This new play illuminates the untold history of Indigenous soldiers in World War I

Most Canadians are unaware of the role Indigenous soldiers had in the war — so these playwrights are putting their stories centre stage, literally.

Unaware of Indigenous soldiers' role in the war? These playwrights were too — before they wrote 'Redpatch'

Redpatch. (Hardline Productions)

At the time it took place, World War I was the single greatest military conflict the planet had ever seen. Still part of the British Empire, Canada automatically entered the war along with Britain in 1914. Canadian soldiers were conscripted, but the draft applied only to men of European descent — Indigenous men were exempt. Despite this, one in three Indigenous men chose to voluntarily enlist. Hardline Theatre's Redpatch tells one such story.

Created by Raes Calvert and Sean Harris Oliver and featuring an all-Indigenous cast, Redpatch tells the imagined tale of Jonathon Woodrow, a young Métis man who leaves his family to fight a war on the other side of the Atlantic.

The show was catalyzed when Oliver was performing in the 2011 Vancouver production of Vern Thiessen's Vimy, another play about Canadian soldiers in WW I (based on a history that has certainly received its share of attention recently). Featuring characters from across the country, it included an Indigenous man from southern Alberta's Kainai nation, played by Ryan Cunningham.

Redpatch. (Hardline Productions)

Like most Canadians, Oliver had no idea that Indigenous soldiers were part of the conflict. He discussed it with Cunningham, who subsequently gave him a copy of Joseph Boyden's debut novel Three Day Road, about Cree soldiers during the war.

"It was such a fascinating story and I thought, 'Why isn't there something like this on stage?'" Oliver says. "I knew there had to be more history to be uncovered. I started to think that maybe there was a play there and we just had to find it."

Calvert was game, and they went into research mode, pouring over history books, artwork, letters from soldiers, poems and journal entries. They also had numerous conversations with a local military historian and veteran — who happened to be Oliver's postman — about soldiers' day-to-day existence during war.

I knew there had to be more history to be uncovered. I started to think that maybe there was a play there and we just had to find it.- Sean Harris Oliver

The historical research was the easy part. But to find the heart of the play, they needed to understand the character's unique cultural background. Calvert's ancestry is Nuu-Chah-Nulth — a group of nations along Vancouver Island's west coast. They decided the character would be of the same ancestry and selected the tiny community of Nootka Sound as his home. This part of the research, they realized, would require a road trip.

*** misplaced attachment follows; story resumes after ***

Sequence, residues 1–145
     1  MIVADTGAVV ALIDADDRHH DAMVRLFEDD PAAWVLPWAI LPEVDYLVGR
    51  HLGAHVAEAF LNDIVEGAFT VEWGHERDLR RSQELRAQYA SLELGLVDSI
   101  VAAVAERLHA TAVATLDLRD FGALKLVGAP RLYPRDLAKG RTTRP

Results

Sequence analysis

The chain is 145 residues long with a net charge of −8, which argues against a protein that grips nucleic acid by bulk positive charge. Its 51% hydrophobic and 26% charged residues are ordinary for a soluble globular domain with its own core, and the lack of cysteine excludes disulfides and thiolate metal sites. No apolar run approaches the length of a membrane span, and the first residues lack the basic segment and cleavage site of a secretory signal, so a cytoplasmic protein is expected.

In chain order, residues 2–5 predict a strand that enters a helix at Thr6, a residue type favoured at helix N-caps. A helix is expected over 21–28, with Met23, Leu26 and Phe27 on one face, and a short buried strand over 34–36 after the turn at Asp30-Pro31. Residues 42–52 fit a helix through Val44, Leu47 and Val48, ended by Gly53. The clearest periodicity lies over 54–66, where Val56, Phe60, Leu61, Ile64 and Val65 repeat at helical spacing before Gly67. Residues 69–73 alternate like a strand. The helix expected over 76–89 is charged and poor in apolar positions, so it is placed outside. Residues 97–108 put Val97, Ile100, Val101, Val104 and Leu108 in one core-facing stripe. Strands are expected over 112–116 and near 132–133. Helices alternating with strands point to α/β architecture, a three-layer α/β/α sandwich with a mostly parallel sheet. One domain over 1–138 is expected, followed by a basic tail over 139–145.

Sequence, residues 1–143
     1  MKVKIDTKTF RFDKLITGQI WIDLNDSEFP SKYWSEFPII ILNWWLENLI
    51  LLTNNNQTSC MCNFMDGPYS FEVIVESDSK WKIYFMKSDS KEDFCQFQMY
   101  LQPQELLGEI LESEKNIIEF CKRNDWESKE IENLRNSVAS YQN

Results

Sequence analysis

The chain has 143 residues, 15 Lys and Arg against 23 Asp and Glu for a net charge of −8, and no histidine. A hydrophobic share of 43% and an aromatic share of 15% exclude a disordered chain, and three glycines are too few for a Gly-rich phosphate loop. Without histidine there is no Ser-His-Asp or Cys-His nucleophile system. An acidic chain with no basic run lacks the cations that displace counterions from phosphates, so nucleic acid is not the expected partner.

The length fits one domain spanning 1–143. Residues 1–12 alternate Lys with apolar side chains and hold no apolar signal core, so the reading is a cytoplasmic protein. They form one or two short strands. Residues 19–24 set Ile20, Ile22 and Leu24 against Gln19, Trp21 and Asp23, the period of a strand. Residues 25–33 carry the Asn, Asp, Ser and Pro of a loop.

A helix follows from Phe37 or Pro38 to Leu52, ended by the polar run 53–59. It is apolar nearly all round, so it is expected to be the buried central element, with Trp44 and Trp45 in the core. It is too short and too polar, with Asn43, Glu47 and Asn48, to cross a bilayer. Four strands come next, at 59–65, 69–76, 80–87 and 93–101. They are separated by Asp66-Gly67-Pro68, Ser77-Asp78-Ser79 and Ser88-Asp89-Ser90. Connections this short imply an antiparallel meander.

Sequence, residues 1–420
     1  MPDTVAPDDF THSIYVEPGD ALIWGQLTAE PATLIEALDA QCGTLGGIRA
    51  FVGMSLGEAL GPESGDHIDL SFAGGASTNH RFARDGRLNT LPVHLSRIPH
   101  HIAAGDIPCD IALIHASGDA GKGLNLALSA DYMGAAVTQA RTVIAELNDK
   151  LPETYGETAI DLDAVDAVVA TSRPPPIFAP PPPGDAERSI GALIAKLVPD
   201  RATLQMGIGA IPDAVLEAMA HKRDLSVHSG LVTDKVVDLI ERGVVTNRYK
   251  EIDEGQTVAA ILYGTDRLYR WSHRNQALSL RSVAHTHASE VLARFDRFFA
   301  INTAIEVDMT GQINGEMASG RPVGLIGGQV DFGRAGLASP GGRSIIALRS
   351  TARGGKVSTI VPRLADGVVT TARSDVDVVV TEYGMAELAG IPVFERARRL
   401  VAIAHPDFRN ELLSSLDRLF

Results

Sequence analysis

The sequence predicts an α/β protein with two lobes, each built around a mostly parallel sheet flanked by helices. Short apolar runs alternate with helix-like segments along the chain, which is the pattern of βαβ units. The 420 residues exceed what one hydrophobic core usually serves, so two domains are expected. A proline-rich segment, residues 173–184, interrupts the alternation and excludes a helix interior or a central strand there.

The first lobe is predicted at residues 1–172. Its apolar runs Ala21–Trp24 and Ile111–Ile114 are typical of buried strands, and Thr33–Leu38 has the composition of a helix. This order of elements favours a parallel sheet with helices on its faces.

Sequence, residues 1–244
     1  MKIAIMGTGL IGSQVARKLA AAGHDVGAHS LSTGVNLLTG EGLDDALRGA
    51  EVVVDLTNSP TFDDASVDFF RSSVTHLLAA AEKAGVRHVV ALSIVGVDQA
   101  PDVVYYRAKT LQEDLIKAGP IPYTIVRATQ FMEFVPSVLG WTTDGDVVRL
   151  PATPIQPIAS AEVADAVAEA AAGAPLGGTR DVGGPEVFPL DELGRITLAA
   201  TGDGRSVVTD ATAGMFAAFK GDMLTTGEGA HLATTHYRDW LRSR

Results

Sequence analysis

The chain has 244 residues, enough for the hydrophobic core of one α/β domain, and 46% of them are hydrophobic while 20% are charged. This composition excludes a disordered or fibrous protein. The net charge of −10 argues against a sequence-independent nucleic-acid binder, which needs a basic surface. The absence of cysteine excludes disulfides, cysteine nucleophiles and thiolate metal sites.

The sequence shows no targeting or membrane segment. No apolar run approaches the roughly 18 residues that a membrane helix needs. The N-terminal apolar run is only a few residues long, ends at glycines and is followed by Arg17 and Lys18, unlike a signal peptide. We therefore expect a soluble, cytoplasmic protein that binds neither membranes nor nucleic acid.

"We needed to meet the chief and elders, to learn about the community and ask permission to include stories and aspects of the language in the play," Calvert says. "But we were totally naïve. We thought we could just drive there. Finally we realized you can only reach it by boat and the boat only goes once a week, so we had to charter a float plane."

Redpatch. (Hardline Productions)

The trip also gave them an appreciation for the region's geography. Nootka Sound is in a fog zone — a stretch of coast frequently bathed in a dense haze. In the play, the actors are almost constantly shrouded in mist. At home it's a comfortingly familiar element — on the battlefield it becomes poisonous gas. Water is also fundamental to the life of the Nuu-Chah-Nulth, as their primary mode of transportation as well as a source of sustenance in the form of fish. Canoeing figures heavily in the show, as do whales, ravens and other wildlife.

Like the artists, most Canadians are unaware of the role Indigenous soldiers had in the war. So the obvious next question: why would they volunteer to fight on behalf of a country that colonized them?

"Everyone had their personal reasons, but part of it was colonization itself," Calvert says. "Ceremonies and cultural practices were being outlawed and a lot of these young men had been to residential school, so their own cultural histories were being extinguished. Traditionally, your family was represented by warriors, so there was this sense that having the opportunity to fight was a way to prove yourself, to be a man."

"They weren't even supposed to sign up, and so a lot of them either had to lie about their status or relinquish it to get in," Oliver adds. "That became an issue when they returned because it meant they were often not eligible for the same compensation and benefits other soldiers could get. But that's a whole other play we still have to write."

Redpatch. By Raes Calvert and Sean Harris Oliver. April 12-16. Studio 16, 1555 7th Avenue West, Vancouver.